On the eve of Milan Fashion Week, performance apparel company Colmar unveiled its collaboration with American designer Shayne Oliver with a party filled with fake snow, held Tuesday night at the Arco Della Pace venue here.
The collaboration between Oliver and Colmar falls under the sportswear company’s A.G.E. project, which stands for Advanced Garment Exploration. The company plans to conscript designers and other creative types to give its heritage with a contemporary take.
Oliver’s capsule collection comprises three different drops. While the first delivery — priced at between 500 euros and 2,200 euros — is already available at six locations worldwide including Browns in London, I.T. in Hong Kong, New York’s Totokaelo, Gr8 in Tokyo, Milan’s Excelsior and online at Ssense, the second drop is slated to hit retail in December. Colmar chief executive officer Giulio Colombo said a third capsule is expected for fall 2019.
“I do like to be subversive, … I do think that people are spending a lot of money on really basic, normal clothes and I wanted to add a bit of design,” said Oliver. And so he did, giving Colmar’s signature outerwear pieces exaggerated proportions, at times layering them or transforming them into capes and trimmed with fur. He paired them with denim pants, cowboy boots and technical over-pants. Oliver said he wanted to “maintain the usability of the garment itself,” and added that the process of stretching the silhouettes was triggered by a solo trip on the Austrian Alps where he found inspiration in the way people “would wear ski clothes on a normal daily basis.”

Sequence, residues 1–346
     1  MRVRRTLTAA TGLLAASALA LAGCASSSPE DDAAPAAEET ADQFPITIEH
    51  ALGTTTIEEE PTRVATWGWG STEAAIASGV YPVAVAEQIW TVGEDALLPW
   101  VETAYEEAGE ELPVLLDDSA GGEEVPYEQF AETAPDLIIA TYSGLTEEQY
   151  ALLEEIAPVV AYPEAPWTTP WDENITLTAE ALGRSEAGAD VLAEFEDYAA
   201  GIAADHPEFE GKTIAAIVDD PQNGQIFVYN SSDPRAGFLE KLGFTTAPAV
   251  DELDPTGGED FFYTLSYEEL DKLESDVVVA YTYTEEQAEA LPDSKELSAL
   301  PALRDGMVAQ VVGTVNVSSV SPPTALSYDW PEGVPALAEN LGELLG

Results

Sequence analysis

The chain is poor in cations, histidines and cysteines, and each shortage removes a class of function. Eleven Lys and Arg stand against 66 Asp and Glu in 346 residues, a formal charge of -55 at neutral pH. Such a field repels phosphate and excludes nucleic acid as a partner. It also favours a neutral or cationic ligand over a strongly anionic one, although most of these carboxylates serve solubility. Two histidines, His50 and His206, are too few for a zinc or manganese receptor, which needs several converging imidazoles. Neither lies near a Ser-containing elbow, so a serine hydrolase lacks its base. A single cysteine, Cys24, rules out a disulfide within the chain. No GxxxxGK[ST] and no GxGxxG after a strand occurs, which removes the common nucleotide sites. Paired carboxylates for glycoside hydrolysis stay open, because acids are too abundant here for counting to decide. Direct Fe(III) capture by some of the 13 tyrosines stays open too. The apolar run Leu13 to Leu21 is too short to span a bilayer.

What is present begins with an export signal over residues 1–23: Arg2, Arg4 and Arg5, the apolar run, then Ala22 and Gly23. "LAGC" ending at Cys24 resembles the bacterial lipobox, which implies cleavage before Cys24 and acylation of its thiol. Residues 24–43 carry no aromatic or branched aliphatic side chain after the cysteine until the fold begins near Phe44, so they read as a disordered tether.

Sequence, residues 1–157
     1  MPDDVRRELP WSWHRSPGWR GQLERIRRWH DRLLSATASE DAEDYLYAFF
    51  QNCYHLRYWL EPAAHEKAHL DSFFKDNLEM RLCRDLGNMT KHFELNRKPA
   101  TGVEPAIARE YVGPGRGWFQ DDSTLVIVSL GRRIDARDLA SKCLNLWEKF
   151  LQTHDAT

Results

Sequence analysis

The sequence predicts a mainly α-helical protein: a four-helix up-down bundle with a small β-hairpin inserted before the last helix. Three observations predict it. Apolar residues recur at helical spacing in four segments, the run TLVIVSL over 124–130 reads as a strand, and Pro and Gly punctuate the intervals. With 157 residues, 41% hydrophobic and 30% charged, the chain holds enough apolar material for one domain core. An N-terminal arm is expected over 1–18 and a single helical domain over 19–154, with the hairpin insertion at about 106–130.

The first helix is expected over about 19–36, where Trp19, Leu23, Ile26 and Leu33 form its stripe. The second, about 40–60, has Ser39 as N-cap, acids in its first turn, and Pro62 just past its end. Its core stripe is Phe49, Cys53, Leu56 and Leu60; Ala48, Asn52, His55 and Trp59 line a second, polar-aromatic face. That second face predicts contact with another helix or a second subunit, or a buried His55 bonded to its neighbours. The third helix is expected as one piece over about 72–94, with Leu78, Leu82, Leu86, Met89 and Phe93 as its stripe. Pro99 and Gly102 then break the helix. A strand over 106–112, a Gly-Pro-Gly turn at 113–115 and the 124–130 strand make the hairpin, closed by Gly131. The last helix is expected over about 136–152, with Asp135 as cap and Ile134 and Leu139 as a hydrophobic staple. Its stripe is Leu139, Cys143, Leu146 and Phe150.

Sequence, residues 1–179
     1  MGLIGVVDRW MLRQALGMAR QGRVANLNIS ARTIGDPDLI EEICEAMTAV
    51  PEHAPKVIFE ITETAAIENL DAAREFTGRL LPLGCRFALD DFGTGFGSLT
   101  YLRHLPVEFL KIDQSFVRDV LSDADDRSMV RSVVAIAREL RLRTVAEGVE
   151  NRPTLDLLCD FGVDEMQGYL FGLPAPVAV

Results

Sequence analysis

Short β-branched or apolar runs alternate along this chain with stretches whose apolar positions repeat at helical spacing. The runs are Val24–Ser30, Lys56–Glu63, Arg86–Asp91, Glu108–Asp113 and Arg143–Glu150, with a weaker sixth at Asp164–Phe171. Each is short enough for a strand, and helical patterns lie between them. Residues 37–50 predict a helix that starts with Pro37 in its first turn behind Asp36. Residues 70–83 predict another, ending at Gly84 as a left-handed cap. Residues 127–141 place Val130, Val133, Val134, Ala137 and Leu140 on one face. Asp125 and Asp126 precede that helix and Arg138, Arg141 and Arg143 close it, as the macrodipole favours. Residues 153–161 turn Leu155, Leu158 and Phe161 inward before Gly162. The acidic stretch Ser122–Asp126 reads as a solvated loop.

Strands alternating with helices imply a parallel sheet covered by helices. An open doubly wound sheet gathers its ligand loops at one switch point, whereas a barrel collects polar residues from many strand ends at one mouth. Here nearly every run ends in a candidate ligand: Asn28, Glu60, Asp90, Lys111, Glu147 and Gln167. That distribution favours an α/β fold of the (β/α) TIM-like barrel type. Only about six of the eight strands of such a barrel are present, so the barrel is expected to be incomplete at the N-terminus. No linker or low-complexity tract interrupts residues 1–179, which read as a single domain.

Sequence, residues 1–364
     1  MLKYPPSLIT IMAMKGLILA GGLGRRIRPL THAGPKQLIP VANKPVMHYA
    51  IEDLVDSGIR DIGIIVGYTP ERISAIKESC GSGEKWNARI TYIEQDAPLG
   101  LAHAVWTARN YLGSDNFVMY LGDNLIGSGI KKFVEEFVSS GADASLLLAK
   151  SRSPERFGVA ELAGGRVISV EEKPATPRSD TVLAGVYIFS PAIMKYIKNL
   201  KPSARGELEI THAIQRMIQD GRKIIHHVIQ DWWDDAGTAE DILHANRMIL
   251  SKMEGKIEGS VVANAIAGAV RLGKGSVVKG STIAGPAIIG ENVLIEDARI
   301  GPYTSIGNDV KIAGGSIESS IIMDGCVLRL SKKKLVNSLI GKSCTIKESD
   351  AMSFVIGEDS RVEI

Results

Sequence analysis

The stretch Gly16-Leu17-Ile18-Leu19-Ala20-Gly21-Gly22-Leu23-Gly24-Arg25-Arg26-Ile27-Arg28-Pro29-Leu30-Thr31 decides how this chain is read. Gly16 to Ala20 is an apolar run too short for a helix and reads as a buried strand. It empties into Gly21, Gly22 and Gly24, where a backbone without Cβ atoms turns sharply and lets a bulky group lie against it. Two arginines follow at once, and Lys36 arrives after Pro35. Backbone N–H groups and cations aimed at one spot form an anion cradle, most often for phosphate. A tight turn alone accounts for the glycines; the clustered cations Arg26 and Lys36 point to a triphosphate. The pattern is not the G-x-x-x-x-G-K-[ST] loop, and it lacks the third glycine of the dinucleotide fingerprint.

Delving into the brand’s archive, Oliver discovered colors that he said were new to him: “I found [in the archive] this section that was so outrageous from the mid-Eighties and I didn’t use specifically those color hues but I took them as an inspiration, to introduce new color ideas into outerwear,” he said. The first drop features rusty greens, shades of navy and an overall muted palette only peppered with slashes of pink and olive green, while the second iteration largely employs off white and baby pink.
“This is an important challenge, the name [A.G.E] itself references the creation of a virtual space as we needed a different platform to showcase these collections which are very different from the Colmar main line and where our 95-year-old history is reinterpreted,” said Colombo.
Colombo underscored the importance of such collaborations to engage with younger customers, including in Asia and the U.S.
On a hiatus from Hood by Air, the streetwear brand and collective he cofounded with Leilah Weinraub and which was paused last year, Oliver has collaborated first with Helmut Lang in 2017 and last March with Diesel on the first iteration of the brand’s Red Tag project. The designer noted that working on capsule collections with established brands “is like a sort of study, like a class of techniques and restraint and skills … [it’s about] making these things that have so much history behind them speak my language,” he said.
“I’ve been working on Hood By Air and also figuring out my own collection … I’ve been designing and designing and categorizing it. [Asking myself] ‘Is this more Hood by Air, or is it more Shayne?’ I’m creating my own archive of stuff before I even show them,” he explained, hinting at a possible return of both the collective and his namesake labels.